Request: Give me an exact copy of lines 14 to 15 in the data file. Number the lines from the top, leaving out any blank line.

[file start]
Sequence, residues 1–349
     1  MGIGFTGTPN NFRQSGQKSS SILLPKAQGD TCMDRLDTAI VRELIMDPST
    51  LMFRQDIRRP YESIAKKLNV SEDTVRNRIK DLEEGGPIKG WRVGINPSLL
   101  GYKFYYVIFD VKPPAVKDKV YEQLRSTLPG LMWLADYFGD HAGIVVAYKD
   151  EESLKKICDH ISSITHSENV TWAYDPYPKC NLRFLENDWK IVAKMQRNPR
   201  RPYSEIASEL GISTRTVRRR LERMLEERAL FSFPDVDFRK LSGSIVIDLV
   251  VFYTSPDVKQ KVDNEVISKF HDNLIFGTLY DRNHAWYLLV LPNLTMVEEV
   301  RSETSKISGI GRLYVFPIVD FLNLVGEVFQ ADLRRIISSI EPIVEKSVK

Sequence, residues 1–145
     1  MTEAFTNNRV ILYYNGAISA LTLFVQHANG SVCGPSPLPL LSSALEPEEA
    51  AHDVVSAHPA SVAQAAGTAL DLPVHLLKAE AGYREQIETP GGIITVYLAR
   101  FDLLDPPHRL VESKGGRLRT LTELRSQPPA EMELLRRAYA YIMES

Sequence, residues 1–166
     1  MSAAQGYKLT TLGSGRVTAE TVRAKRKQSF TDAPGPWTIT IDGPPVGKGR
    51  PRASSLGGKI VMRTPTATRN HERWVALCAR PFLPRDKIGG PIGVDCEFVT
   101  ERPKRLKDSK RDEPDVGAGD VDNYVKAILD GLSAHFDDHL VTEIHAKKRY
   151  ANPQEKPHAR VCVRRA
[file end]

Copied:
     1  MSAAQGYKLT TLGSGRVTAE TVRAKRKQSF TDAPGPWTIT IDGPPVGKGR
    51  PRASSLGGKI VMRTPTATRN HERWVALCAR PFLPRDKIGG PIGVDCEFVT